Drs: Birth Defect Causes Sunken Chest + Pectus Excavatum

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The Drs: Birth Defect Causes Sunken Chest

The Doctors shared that there are more than 4,000 different types of birth defects and while some don’t need any treatment at all, others can cause major medical problems. Angela shared that she was born with pectus excavatum, which her mother started to notice as she got older. She started to notice an indent in her daughter’s chest. She can only wear certain outfits and doesn’t like to wear low-cut shirts. When she was a teenager, she was especially bothered in the summer when she would wear bathing suits. She even had a boyfriend tell her that she was weird and no one would like her because of her chest.

Drs: Birth Defect Causes Sunken Chest + Pectus Excavatum

The Doctors heard from a young woman with a birth defect that causes her chest to be severely sunken in. (Christopher Edwin Nuzzaco / Shutterstock.com)

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Angela’s chest started to get deeper and what became the only option for her was a major operation where they would break her ribs, then go in and turn her chest bone around, before letting it heal that way. Angela wasn’t willing to take that option. One doctor recently noticed the hole in Angela’s chest and said it was the deepest he had ever seen.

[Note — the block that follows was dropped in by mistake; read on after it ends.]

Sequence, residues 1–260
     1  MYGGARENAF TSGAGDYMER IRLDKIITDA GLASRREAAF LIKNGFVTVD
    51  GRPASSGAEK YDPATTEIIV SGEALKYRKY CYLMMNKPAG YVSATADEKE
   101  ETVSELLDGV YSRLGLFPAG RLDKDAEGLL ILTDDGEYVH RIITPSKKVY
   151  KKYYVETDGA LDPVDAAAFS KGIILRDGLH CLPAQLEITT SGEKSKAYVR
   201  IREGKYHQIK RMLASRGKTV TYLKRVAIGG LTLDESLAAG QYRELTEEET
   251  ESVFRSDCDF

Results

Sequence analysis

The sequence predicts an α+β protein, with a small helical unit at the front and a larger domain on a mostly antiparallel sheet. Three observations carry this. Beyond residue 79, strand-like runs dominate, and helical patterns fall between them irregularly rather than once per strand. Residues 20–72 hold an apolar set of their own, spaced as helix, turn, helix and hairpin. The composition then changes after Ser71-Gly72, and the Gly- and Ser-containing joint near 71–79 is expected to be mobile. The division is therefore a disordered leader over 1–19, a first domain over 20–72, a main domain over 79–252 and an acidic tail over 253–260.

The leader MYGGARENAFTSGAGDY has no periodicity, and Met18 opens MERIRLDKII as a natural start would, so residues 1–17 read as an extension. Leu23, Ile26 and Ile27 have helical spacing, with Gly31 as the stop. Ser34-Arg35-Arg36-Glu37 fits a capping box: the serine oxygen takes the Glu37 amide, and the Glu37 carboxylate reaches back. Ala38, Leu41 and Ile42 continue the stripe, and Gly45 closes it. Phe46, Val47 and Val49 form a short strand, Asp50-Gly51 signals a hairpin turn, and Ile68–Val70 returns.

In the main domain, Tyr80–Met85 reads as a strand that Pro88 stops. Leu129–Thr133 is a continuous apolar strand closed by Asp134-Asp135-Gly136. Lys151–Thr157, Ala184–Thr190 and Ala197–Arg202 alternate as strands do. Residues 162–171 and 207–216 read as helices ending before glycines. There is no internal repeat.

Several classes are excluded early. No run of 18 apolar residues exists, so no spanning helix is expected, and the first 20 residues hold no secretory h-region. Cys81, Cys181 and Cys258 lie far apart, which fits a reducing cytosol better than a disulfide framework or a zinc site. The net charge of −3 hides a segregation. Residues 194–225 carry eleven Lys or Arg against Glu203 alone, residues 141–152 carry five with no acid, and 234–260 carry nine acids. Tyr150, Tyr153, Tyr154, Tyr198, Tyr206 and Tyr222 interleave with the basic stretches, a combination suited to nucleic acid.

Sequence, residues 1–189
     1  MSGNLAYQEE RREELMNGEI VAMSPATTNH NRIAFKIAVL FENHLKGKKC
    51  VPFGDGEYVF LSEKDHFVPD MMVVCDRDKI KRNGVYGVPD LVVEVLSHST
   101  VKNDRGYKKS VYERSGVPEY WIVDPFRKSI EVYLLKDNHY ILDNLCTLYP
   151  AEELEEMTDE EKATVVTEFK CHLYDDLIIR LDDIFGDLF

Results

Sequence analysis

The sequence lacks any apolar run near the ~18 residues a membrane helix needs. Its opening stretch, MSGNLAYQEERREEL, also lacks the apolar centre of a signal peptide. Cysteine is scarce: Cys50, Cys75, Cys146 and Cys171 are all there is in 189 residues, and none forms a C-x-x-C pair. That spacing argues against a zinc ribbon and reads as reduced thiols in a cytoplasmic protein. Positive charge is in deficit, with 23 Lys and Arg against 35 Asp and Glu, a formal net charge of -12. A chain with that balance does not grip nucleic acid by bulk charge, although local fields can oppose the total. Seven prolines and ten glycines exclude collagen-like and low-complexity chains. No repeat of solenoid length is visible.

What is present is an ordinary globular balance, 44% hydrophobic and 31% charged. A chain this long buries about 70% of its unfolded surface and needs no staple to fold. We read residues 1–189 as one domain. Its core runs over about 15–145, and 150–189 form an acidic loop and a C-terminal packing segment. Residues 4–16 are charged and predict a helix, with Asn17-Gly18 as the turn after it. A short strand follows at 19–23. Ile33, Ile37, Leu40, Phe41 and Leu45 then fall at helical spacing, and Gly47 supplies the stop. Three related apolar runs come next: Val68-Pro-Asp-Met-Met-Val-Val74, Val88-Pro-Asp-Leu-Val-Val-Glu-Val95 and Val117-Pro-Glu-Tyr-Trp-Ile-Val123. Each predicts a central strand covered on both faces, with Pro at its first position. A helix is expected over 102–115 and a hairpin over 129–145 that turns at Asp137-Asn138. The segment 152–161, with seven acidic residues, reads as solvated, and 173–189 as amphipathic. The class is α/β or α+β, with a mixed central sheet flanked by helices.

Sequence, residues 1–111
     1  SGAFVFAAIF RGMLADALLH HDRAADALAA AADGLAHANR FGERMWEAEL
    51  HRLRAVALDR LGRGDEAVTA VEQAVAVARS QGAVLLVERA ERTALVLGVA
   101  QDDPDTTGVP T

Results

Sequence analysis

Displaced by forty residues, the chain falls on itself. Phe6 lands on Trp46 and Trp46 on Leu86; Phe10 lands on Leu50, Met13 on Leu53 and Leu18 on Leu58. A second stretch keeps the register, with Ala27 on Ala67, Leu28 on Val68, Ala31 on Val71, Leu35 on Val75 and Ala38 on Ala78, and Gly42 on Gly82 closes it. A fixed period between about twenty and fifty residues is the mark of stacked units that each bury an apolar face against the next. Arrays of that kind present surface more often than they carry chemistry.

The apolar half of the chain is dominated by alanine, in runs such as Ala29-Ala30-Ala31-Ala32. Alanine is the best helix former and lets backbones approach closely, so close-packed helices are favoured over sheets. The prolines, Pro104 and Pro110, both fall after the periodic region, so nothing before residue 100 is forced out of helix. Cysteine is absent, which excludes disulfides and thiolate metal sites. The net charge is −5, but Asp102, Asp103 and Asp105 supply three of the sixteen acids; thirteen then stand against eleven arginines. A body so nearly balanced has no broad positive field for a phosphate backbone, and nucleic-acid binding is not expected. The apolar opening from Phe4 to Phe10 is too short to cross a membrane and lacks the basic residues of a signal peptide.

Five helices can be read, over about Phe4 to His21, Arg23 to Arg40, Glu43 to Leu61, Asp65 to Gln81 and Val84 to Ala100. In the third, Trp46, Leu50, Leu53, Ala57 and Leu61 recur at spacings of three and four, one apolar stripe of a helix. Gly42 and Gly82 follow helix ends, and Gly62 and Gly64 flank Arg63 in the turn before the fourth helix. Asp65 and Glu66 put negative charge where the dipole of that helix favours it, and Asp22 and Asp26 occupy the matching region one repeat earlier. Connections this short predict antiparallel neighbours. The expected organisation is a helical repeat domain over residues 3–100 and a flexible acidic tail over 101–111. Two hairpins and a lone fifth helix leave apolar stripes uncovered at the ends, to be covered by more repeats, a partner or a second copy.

Sometimes Angela finds it difficult to breathe and she’s worried it could cause health problems in her future.

The Drs: What Is Pectus Excavatum?

The Doctors welcomed Angela and her mom Pat to the show. The Doctors shared that one in 500 people have pectus excavatum but for Angela, it’s not just about the fact that her chest is sunken in, but the fact that it’s pressing on her internal organs and affecting her ability to breathe. It’s pushing her lungs to the side and even pushing on her heart, so it’s an extreme case.

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Pat said that she’s especially worried about her daughter, and that’s why they wrote in to the show. The Doctors were joined over the phone by a doctor from the Children’s Hospital of The King’s Daughters. Dr Frazier Frantz explained that they repair the deformity by placing a steel bar that will straighten the sternum from the inside. The bar remains in place for two to three years to make sure that the chest wall has completely remodeled and is permanent. It will relieve the pressure on her heart and lungs right there in the operating room.

Angela said it was the first time she heard about the procedure, and she reached out to the show in hopes they would be able to give them more options. The good news is that she’s a candidate for the surgery, so the hospital has agreed to waive her fee for the surgery.

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